Similar to its European counterparts, flexible working arrangements continue to top the list of desires for Serbia’s office workers. However, they recognise an important relationship between productivity and a quiet, healthy office environment.

Drawing on data from 12,700 (500 Serbian) office workers, ‘Rethinking Workplace: Serbia’ delivers insight into the key factors influencing employees' perspectives on working preferences in comparison to their European counterparts. 

The Current Landscape

Despite recognising the importance of flexible working arrangements, Serbian office workers prefer an office space for heavier workloads. In fact, 73% relate higher productivity with a quiet, private office setting. 

Notably, the balance between collaborative, energetic environments and quieter private settings presents key considerations for workplace design. 

On the one hand, employees identify quieter, more private spaces having higher levels of productivity. But on the other, 46% of Serbians reported feeling a strong sense of ‘work purpose’ (able to be their true selves and fulfil their potential), is perhaps because of the energising and collaborative environments they’re working in. 

Finding the right balance

For Serbia, finding the sweet spot between being office and home-based; and providing areas for ‘deep work’ - without diluting the energy that collaborative coworking brings - will be important for the future of worklife and workplace design.

86% of Serbian office workers see the growing convergence of home and work life as a positive, feeling it brings greater flexibility as a benefit. This mirrors a European wide shift in the way worklife is viewed, with a staggering 53% increase in positive sentiment across the continent.

What workers want

While there is demand for flexible working arrangements and an appetite for ‘worklife’, there is still a strong desire for a dedicated work space, whether that be co-working or private. Almost three-quarters want an office to go to and recognise they work best away from home and alongside their colleagues.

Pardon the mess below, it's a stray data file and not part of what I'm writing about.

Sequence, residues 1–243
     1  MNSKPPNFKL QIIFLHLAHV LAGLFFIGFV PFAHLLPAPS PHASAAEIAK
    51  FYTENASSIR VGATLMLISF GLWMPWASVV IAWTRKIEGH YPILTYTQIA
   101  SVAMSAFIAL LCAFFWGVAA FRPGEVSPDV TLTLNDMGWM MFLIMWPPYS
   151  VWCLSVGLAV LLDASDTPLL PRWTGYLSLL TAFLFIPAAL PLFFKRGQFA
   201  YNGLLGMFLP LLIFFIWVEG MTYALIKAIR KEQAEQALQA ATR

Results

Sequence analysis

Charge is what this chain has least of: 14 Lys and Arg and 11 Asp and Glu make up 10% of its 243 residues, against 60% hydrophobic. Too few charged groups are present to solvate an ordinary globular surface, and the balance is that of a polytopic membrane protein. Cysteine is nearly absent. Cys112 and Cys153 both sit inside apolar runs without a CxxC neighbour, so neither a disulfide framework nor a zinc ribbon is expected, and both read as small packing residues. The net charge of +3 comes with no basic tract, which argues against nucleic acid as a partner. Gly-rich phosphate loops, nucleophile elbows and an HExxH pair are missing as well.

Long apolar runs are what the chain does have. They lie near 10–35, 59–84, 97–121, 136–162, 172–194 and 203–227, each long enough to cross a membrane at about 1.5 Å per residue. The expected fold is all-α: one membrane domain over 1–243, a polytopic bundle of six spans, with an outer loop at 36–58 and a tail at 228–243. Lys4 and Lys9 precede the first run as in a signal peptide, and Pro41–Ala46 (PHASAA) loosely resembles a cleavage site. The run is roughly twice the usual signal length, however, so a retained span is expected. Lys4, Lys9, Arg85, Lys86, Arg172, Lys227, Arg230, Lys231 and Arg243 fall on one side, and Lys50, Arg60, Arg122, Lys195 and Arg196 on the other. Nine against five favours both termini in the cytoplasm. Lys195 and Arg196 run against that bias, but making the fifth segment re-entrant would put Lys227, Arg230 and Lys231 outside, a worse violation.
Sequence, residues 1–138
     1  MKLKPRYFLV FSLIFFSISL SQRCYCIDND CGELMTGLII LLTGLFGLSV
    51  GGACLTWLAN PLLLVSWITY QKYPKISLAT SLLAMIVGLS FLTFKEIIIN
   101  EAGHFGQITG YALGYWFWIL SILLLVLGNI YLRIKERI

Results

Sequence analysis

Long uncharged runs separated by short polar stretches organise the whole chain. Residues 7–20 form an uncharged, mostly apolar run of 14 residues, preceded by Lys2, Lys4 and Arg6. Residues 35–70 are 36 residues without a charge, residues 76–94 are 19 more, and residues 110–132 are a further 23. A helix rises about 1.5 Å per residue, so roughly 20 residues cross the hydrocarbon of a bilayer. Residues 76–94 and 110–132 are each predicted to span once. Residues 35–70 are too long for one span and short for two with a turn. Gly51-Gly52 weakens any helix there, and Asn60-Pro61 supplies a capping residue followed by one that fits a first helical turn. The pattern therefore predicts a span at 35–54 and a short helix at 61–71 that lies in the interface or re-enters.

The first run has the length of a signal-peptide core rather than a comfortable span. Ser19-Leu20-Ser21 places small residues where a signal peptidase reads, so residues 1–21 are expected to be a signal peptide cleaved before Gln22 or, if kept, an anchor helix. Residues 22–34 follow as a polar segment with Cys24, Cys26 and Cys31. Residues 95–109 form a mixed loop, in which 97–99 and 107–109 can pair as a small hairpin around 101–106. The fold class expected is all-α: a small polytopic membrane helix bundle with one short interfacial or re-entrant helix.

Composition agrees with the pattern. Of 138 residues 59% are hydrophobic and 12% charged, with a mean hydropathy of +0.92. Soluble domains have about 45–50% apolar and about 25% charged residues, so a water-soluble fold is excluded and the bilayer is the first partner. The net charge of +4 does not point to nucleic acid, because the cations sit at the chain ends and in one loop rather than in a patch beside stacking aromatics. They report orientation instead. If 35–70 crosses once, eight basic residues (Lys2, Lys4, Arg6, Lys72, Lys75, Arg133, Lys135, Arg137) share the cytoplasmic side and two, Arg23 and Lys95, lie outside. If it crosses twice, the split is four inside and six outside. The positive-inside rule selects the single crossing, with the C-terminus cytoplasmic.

Importantly, the most pressing employee concerns regarding office spaces were noise (31%) and indoor air quality (27%), highlighting that invisible issues matter and employees health and wellbeing should be at the forefront of workplace design.

“43% of workers say they receive no work perks.”
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Other than France, Serbia’s professionals receive the fewest additional work benefits and feel most strongly that having such schemes in place would positively impact their worklife. In particular, a significant number (21%) would like to see health and wellbeing packages more widely adopted including incorporating mindfulness, alternative therapies, exercise and nutrition.

Moving forward

The research shows that as a nation, Serbia likes both the structure and culture that comes from being based in an open-plan office. 

The collaborative spaces work well for keeping the workers energised and feeling good about their contributions and by addressing the noise issues, alongside the wider commercial design community, Serbia’s offices and co-working spaces could be among the happiest, most productive in Europe.

Furthermore, through establishing improved work benefits and effective health and wellbeing initiatives, employers will have the opportunity to sustain and improve their already high levels of employee fulfillment throughout the nation. 

For more insight into how Serbia benchmarks against the rest of Europe and the USA, download the ‘Rethinking Workplace: Serbia Overview' report here.

*Please note: this research was carried out before the global Covid-19 pandemic. We are, however, already in the process of researching the impact the pandemic has workplace trends across the world. Keep your eyes peeled for the first results coming soon on our 'Rethinking Workplace Hub' here.

Anette Timmer EMEA Marketing Director Workplace and SSHL, Tarkett Full bio and articles


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